I recently stumbled on Paul Graham, an entrepreneur, hacker and writer. He has a lot of wise things to say about start-ups, entrepreneurship, the source of wealth and a million other things. His writing style is forceful, extremely clear and he has a big brain that is happy to think in unusual ways. Very interesting guy. I just got his book, Hackers and Painters, and am looking forward to reading it. Many of the essays in it can be found here.
Start with "How to Make Wealth." An excerpt:
A surprising number of people retain from childhood the idea
that there is a fixed amount of wealth in the world.
There is, in any normal family, a fixed amount of money at
any moment. But that’s not the same thing.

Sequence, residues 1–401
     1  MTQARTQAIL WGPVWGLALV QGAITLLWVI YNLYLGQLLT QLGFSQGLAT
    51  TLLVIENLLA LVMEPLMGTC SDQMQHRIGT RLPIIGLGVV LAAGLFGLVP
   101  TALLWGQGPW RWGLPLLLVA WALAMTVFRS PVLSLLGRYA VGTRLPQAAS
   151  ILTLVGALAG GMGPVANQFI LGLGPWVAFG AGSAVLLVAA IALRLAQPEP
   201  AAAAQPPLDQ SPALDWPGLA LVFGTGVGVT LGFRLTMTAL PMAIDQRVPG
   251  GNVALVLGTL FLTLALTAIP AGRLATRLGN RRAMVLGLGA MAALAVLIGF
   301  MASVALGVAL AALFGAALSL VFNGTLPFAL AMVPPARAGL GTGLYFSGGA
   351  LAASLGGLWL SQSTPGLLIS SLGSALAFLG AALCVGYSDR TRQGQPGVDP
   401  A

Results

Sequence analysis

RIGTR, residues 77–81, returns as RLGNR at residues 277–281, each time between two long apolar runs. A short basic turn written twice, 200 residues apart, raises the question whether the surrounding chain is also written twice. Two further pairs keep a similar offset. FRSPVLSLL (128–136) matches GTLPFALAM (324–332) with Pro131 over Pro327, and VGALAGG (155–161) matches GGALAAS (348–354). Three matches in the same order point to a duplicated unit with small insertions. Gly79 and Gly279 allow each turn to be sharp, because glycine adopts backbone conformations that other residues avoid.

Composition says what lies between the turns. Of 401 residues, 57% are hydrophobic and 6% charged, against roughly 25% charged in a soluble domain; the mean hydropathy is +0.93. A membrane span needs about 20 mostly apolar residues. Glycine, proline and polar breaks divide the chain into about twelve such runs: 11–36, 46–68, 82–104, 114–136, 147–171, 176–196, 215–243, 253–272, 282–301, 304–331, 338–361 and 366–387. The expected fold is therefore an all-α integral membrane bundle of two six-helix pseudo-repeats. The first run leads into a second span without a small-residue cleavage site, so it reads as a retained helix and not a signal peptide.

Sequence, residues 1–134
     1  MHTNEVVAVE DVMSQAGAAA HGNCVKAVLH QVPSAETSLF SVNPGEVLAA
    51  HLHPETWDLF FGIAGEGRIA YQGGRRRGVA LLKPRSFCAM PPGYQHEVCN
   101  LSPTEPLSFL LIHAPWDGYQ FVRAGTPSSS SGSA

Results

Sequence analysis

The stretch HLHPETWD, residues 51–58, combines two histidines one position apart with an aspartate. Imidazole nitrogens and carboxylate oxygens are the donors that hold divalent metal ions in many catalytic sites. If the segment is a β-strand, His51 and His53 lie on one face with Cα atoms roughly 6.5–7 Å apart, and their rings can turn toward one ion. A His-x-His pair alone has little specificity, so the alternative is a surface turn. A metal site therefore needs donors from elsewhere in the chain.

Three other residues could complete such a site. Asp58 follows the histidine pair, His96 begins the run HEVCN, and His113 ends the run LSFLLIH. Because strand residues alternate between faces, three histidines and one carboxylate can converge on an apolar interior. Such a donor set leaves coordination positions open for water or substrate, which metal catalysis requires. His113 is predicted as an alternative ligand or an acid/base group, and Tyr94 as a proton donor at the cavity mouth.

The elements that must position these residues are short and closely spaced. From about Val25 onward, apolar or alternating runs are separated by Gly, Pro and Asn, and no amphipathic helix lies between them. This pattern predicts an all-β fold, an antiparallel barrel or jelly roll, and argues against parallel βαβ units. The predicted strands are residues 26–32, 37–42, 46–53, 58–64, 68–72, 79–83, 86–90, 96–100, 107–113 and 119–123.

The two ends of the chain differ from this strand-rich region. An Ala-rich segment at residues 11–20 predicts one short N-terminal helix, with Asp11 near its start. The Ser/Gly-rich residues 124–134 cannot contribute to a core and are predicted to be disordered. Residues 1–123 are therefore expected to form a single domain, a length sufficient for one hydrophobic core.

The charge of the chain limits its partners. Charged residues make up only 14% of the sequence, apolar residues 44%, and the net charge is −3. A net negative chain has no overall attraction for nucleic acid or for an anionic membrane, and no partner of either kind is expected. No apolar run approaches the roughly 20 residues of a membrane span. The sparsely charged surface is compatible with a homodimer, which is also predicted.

When wealth is talked about in this context, it is often
described as a pie. "You can’t make the pie larger,"
talking about the amount of money in one family’s bank
account, or the amount available to a government from one
year’s tax revenue, this is true.
If one person gets more, someone else has to get less.
I can remember believing, as a child, that if a few
rich people had all the money, it left less for everyone else.
Many people seem to continue to believe something like this
well into adulthood. This fallacy is usually there in the
background when you hear someone talking about how x percent
of the population have y percent of the wealth. If you plan
to start a startup, then whether you realize it or not, you’re
planning to disprove the Pie Fallacy.
Graham’s other essays include fascinating observations on procrastination, being a nerd, the stupidity of smart people and lots of other stuff.